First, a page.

3. Current-carrying Capacity of Busbars

Design Requirements

Calculation of Current-carrying Capacity

Methods of Heat Loss

Heat Generated by a Conductor

Approximate dc Current Ratings for Flat and Round bars

 

Design Requirements

The current-carrying capacity of a busbar is usually determined by the maximum temperature at which the bar is permitted to operate, as defined by national and international standards such as British Standard BS  159, American Standard ANSI C37.20, etc. These standards give maximum temperature rises as well as maximum ambient temperatures.

BS 159 stipulates a maximum temperature rise of 50C above a 24 hour mean ambient temperature of up to 35C, and a peak ambient temperature of 40C.

ANSI C37.20 alternatively permits a temperature rise of 65C above a maximum ambient of 40C, provided that silver-plated (or acceptable alternative) bolted terminations are used. If not, a temperature rise of 30C is allowed.

These upper temperature limits have been chosen because at higher maximum operating temperatures the rate of surface oxidation in air of conductor materials increases rapidly and may give rise in the long term to excessive local heating at joints and contacts. This temperature limit is much more important for aluminium than copper because it oxidises very much more readily than copper. In practise these limitations on temperature rise may be relaxed for copper busbars if suitable insulation materials are used. A nominal rise of 60C or more above an ambient of 40C is allowed by BS EN 60439-1:1994 provided that suitable precautions are taken. BS EN 60439-1:1994   (equivalent to IEC 439) states that the temperature rise of busbars and conductors is limited by the mechanical strength of the busbar material, the effect on adjacent equipment, the permissible temperature rise of insulating materials in contact with the bars, and the effect on apparatus connected to the busbars.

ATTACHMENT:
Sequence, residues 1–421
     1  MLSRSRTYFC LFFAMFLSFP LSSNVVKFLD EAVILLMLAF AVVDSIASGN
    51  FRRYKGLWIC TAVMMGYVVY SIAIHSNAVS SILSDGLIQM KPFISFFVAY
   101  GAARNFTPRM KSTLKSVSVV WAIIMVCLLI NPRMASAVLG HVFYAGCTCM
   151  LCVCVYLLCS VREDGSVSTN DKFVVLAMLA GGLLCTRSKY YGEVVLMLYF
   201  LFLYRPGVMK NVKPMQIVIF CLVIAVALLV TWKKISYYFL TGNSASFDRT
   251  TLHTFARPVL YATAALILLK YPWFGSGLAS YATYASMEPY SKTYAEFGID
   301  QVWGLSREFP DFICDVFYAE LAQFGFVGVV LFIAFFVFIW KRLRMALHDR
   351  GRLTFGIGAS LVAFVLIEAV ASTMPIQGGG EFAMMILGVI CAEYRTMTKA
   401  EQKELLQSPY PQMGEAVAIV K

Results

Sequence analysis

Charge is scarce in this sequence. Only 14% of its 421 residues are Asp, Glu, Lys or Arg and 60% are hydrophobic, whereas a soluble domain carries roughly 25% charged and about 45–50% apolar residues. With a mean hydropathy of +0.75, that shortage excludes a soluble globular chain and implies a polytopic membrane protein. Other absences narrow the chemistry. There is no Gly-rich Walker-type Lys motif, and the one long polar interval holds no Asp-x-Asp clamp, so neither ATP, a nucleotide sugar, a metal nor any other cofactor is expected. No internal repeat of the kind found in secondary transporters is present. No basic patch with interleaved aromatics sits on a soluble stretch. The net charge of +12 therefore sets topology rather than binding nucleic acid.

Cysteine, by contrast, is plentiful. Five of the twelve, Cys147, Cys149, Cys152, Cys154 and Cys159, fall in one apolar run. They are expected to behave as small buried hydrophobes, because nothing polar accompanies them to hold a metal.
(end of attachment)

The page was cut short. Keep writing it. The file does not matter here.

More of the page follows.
The rating of a busbar must also take account of the mechanical stresses set up due to expansion, short-circuit currents and associated inter-phase forces. In some busbar systems consideration must also be given to the capitalised cost of the heat generated by the effective ohmic resistance and current (I2R) which leads to an optimised design using Kelvin's Law of Maximum Economy. This law states that 'the cost of lost energy plus that of interest and amortisation on initial cost of the busbars (less allowance for scrap) should not be allowed to exceed a minimum value'. Where the interest, amortisation and scrap values are not known, an alternative method is to minimise the total manufacturing costs plus the cost of lost energy.

Calculation of Current-carrying Capacity

A very approximate method of estimating the current carrying capacity of a copper busbar is to assume a current density of 2 A/mm2 (1250 A/in2) in still air. This method should only be used to estimate a likely size of busbar, the final size being chosen after consideration has been given to the calculation methods and experimental results given in the following sections.

Methods of Heat Loss

The current that will give rise to a particular equilibrium temperature rise in the conductor depends on the balance between the rate at which heat is produced in the bar, and the rate at which heat is lost from the bar. The heat generated in a busbar can only be dissipated in the following ways:

(a) Convection

(b) Radiation

(c) Conduction